Slavic Pride is slated for this Saturday, amidst the big “Eurovision Fest” being hosted this year by Moscow. For those not familiar with what Eurovision is, think “American Idol” times ten, with a profusion of media coverage and street banners that puts Chicago’s 2016 Olympics bid hype to shame. While our specific plans for Saturday are necessarily secret at this time, the aim is to cause maximum embarrassment to the government if they attempt to arrest us or allow the neo-fascists to attack.

In response to Moscow activists’ application for a permit this year, police chief Vladmir Pronin told the Russian news agency Interfax that gay pride parades in the capital are “unacceptable – gay pride parades s houldn’t be allowed.”

“No one will dare to do it, such ‘brave-heart’ will be torn to shreds,” he added. “The West can say we’re bad guys, but our people will see it is right. Our country is patriarchal, that’s [sic] sums it up… I positively agree with the Church, with the Patriarch, politicians, especially with [Mayor] Luzhkov, who are convinced that man and woman should love each other. It is established by God and nature.”

However, Moscow Pride organizers have vowed to move forward with this year’s Pride event despite the police chief’s threats.

“Mr. Pronin already showed his incompetency last year when his services were unable to prevent us unveiling a banner directed against the Mayor, right opposite his office,” said Alekseev. The main pride even t successfully took place nearby at the monument to the famous Russian gay composer, Peter Tchkaivosky, while the authorities and neo-fascists were hoodwinked into thinking that it would take place outside of homophobic Mayor Yuri Luzhkov’s office.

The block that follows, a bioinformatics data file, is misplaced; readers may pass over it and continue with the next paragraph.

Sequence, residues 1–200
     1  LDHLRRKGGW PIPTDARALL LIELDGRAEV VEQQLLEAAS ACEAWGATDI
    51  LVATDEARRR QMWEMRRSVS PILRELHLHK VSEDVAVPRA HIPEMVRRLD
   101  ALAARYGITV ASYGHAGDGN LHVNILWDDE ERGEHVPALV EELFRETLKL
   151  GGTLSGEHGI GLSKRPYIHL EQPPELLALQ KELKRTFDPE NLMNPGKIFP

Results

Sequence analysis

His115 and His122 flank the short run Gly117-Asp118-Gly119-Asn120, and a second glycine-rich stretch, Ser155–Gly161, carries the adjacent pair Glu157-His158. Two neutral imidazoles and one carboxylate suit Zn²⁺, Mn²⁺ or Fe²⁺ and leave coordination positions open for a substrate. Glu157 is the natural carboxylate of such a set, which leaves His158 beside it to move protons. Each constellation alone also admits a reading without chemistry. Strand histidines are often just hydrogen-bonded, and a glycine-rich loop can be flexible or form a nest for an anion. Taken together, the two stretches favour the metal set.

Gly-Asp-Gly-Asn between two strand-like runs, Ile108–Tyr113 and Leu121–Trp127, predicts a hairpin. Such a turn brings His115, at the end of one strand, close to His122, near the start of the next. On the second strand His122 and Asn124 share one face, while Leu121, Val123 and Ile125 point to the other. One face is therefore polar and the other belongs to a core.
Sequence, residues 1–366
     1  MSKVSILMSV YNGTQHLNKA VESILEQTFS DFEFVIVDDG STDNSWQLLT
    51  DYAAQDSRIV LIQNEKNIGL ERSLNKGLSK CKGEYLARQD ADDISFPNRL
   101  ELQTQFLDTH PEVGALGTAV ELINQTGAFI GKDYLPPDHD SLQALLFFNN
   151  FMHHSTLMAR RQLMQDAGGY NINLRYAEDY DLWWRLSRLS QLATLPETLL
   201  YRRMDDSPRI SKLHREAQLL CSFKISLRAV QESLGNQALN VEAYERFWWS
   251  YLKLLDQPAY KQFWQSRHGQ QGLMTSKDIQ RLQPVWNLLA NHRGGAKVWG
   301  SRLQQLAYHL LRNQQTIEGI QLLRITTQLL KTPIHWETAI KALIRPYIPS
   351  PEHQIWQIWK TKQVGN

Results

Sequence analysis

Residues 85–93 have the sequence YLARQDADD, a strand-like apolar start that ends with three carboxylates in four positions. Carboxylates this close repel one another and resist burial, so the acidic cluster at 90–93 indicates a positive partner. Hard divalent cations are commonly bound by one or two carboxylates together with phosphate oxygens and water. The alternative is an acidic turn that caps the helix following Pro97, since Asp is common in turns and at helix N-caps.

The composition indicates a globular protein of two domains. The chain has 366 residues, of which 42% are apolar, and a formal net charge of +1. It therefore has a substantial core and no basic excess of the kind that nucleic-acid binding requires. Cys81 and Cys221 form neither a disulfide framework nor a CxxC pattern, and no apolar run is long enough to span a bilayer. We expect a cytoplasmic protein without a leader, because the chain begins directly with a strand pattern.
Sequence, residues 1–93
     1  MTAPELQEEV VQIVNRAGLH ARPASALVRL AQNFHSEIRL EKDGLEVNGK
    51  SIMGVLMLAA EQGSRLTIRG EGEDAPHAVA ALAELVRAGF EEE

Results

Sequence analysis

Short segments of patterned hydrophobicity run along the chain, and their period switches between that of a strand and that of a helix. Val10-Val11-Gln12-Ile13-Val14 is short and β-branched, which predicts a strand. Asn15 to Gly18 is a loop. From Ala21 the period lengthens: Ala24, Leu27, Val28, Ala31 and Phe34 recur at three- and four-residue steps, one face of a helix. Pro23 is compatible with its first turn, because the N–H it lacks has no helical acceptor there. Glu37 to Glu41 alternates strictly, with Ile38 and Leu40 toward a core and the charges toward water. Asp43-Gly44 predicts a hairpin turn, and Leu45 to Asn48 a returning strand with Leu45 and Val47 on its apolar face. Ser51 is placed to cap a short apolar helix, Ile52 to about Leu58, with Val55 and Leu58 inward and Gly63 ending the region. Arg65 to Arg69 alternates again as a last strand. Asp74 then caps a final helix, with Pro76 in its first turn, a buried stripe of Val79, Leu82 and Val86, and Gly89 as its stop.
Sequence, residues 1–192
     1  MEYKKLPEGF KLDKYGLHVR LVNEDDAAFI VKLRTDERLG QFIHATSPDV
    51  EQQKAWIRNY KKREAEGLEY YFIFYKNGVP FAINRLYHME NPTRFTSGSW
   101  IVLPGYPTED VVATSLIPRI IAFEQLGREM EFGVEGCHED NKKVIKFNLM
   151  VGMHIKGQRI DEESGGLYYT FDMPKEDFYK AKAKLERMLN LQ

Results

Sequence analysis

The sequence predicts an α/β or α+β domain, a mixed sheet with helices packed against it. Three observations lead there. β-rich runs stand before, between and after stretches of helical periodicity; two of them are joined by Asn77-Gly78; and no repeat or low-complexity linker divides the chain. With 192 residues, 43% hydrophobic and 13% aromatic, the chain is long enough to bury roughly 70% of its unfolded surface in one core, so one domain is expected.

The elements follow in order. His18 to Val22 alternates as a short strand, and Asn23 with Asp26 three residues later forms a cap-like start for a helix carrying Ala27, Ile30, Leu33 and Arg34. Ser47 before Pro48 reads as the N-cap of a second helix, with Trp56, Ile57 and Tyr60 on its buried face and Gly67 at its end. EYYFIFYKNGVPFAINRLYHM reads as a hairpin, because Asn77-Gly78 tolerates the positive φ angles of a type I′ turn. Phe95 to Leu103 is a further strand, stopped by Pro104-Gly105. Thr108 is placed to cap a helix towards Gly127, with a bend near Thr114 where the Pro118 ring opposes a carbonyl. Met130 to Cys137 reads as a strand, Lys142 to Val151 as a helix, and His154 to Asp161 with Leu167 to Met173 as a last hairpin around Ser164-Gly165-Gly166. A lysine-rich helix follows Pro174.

Today at the start of a gay rights conference at an undisclosed location east of the city, I was joined by British gay rights campaigner Peter Tatchell and LGBT activists from around Russia and Belorussia – Minsk, Rostof, Sochi, Ufa, St. Petersburg, Krasnodar, Ekaterinbourg, Volgodonsk, Ryazan and of course Moscow.

03._peter_tatchell-1Peter Tatchell, Britain’s foremost LGBT rights campaigner, on the coach to today’s Slavic Pride conference © Gay Liberation Network

04._on_the_coach_to_slavic_pride_conference-1Nikolai Alexeyev, Irina Fet, on the bus to Slavic Pride © Gay Liberation Network

05._irina_fey_lesbian_bride-to-beIrina Fet, one of the two lesbians who attempted to get married in Moscow on Tuesday © Gay Liberation Network

As we gathered on a coach to go to the conference, Moscow activist Nikolai Baev explained how a group of young activists from Ryazan, about 200 miles south of the capital, got involved in organizing this year’s Slavic Pride:

“There is a very discriminatory law in the Ryazan region which proh ibits so-called propaganda about homosexuality and among minors. The law passed in 2006 and we had pickets that said that homosexuality is absolutely normal and we are proud of our situation. We picketed in front of schools in Ryazan and we were detained because it was illegal.”

06._peter_tatchell_left_with_nikolai_baev_moscow_gay_rights_campaigner_rightPeter Tatchell (left) with Nikolai Baev (right) of Moscow © Gay Liberation Network